My first "business meeting" with the DP involved me taking him through the sequence, and eventually wound up with me with my legs up the wall thinking "all meetings could be conducted from this angle". Upside down.

The DP, Emil Lin, drew these really cute yoga cartoons that I took pictures of and plan on sharing.

This was one of the many joyous, exciting things that came at me during my cleanse last week. I felt AMAZING and powerful, and now I feel sweet just hungrier than ever!

Guest Post by Brooke!

Brooke shared a great summary of yoga health benefits. There's also a plethora of benefits for say, your mind, and your life, but let's check out the doctor's view:

10 Health Benefits of Yoga

by Brooke Stafford

As has been stated many times in this blog before, there are loads of health benefits to yoga.
With thousands of people trying it every day, it might be able to help you too. To get a better
idea, we have gathered just ten health benefits of yoga.

1. Flexibility - Touching your toes may not sound important but not being able to can be
bad. Yoga is an excellent way to improve flexibility and movement.

2. Joints - While some people think yoga is only for the hip set, people of all ages can do it,
even ones with arthritis or other joint issues. The poses and movements in yoga can
help these joints get a low impact workout.

3. Posture - Did you not listen when your mother
told you to sit up straight? Then try yoga to
learn how to do it naturally instead of forcing it.

4. Strength - You don’t need to pump iron to build
muscle. Many of the poses in yoga require
upper and/or lower body strength in order to be
done properly.

5. Back pain - This can be one of the more major
causes of pain in the United States. However,
yoga can provide some relief if done correctly
and on a regular basis.

6. Insomnia - If you have trouble sleeping, yoga may be the cure. It brings about a
peaceful state of mind which can help those who toss and turn.

7. Weight loss - With New Year’s resolutions upon us, why not tackle one of the biggest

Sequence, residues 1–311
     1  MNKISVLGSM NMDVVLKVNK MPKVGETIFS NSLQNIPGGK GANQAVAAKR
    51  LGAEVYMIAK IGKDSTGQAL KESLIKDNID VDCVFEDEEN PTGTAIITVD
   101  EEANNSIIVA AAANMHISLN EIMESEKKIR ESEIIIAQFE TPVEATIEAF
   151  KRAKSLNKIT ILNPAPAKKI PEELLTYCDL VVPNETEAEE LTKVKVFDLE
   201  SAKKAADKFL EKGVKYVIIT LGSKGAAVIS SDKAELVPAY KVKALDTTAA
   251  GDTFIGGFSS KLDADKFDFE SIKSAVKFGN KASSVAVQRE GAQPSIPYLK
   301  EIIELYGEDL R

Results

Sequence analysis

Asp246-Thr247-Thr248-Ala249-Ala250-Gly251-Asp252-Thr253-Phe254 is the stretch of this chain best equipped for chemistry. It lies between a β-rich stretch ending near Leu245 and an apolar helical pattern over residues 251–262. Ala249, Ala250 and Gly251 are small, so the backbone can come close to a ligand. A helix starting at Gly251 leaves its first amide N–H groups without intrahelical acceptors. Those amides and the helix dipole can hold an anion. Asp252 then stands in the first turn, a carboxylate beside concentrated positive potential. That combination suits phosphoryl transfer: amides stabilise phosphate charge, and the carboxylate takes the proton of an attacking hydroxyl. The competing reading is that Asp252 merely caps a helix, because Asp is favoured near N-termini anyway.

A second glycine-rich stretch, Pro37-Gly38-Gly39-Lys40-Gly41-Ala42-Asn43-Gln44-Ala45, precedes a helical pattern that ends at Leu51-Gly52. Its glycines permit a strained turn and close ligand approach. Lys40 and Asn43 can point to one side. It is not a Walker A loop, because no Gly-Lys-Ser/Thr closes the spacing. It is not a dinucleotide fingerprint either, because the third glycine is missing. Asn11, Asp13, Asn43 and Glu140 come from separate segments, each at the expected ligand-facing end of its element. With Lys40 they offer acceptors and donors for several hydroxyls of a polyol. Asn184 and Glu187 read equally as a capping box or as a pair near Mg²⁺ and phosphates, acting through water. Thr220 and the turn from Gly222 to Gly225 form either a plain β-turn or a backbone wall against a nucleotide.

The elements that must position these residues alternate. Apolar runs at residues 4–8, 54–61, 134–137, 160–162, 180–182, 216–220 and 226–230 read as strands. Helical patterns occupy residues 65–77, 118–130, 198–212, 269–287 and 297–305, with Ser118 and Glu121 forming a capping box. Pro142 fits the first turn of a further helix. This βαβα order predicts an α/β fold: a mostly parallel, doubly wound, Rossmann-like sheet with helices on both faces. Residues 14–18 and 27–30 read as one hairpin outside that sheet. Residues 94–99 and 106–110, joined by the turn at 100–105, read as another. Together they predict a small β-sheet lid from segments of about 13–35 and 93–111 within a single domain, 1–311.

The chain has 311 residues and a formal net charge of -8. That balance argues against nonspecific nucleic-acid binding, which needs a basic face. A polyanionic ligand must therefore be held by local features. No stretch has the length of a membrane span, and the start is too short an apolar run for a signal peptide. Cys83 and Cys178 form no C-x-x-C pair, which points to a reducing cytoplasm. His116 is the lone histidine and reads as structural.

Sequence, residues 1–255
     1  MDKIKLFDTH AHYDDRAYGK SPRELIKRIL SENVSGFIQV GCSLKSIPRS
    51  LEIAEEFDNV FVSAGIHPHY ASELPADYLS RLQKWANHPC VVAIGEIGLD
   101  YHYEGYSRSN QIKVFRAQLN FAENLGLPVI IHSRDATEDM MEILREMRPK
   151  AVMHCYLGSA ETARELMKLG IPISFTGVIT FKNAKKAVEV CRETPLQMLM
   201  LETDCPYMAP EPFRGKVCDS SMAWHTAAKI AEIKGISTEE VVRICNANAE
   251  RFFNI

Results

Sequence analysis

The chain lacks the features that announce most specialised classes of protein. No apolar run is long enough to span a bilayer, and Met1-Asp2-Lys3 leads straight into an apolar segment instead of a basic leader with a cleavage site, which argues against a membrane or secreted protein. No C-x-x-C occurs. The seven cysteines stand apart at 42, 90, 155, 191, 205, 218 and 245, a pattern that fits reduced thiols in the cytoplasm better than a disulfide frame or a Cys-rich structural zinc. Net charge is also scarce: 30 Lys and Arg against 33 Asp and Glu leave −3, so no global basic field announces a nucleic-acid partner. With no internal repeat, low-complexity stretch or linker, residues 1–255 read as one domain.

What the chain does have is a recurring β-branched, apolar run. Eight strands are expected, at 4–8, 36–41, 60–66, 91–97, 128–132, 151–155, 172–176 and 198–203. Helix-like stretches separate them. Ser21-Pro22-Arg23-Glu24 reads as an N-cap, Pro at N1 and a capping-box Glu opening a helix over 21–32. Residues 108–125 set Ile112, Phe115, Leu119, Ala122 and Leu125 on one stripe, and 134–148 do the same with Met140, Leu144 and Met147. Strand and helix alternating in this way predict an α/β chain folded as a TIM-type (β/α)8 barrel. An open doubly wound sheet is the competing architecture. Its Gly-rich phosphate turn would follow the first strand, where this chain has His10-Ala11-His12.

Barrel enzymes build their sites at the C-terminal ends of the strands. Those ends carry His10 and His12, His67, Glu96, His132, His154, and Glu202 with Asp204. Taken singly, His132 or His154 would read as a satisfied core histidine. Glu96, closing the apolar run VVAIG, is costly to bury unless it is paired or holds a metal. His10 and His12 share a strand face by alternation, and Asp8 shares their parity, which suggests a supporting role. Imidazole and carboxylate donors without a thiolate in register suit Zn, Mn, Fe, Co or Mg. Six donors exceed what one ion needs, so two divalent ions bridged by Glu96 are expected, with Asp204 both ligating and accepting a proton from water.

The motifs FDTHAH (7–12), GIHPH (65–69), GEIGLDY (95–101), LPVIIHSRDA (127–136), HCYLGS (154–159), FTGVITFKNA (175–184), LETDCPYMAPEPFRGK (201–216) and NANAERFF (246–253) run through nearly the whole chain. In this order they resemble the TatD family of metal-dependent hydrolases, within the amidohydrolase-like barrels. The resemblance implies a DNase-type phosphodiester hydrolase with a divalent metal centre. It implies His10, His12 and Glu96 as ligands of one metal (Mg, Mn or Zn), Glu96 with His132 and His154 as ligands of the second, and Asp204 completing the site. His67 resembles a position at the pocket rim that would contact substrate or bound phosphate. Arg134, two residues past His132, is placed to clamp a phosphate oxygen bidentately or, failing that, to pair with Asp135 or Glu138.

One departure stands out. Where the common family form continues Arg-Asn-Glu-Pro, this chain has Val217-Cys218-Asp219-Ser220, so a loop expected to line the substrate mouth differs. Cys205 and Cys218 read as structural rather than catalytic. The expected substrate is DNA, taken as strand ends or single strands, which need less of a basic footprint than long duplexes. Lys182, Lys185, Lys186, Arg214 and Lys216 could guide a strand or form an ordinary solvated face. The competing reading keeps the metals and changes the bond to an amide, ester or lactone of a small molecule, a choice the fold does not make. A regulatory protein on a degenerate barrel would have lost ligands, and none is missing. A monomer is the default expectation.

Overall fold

with a little yoga? It burns calories as well as discourages from eating unhealthy foods.

8. Heart rate - Yoga has been shown to help with both high blood pressure and heart rates.
It is especially helpful for hyporeactors.

9. Breathing - Because breathing is an important part of yoga, it is also a good workout for the respiratory system. Yoga can help lower the respiratory rate by utilizing controlled

Brooke Stafford is a nursing practitioner student and also writes for Family Nurse Practitioner Degrees. The site helps students find the right nurse practitioner degree to fit their needs.

Monday, January 9, 2012

Roots in the East

So I had the most magical visit to Massachusetts a girl ever could.

I stayed with fellow yogi Pat Banker, and put it this way: when I first arrived, we went straight to sun salutations in a park in Jamaica Plain. It was beautifully sunny, and I had just gotten off a red eye. Coffee in hand, we started jogging just to make sure we caught the sun rise. I don't know why, but my recently tamastic practice turned into 10 rounds of Surya A, then B, then I watched my California identity unravel as I entered pure being.

I got grounded. Grounded in the sense of understanding that certain attractions and connections are a fundamental part of my existence.

In many ways, the love of certain people (such as our most trusting family members and our most loyal friends).

A place that is familiar can be grounding.

But so is anything that brings us back to our truth, reminds us of our position in space and time
(feet gravitated towards the earth, now) is grounding.

The reiki that I received filled me with some earth and fire. 

Gyon mudra strung me to stability, as well as taking Jared Hirsch's last workshop of the year.

But most importantly, seeing my family brought me a better understanding of my life than ever before. Thank you for that.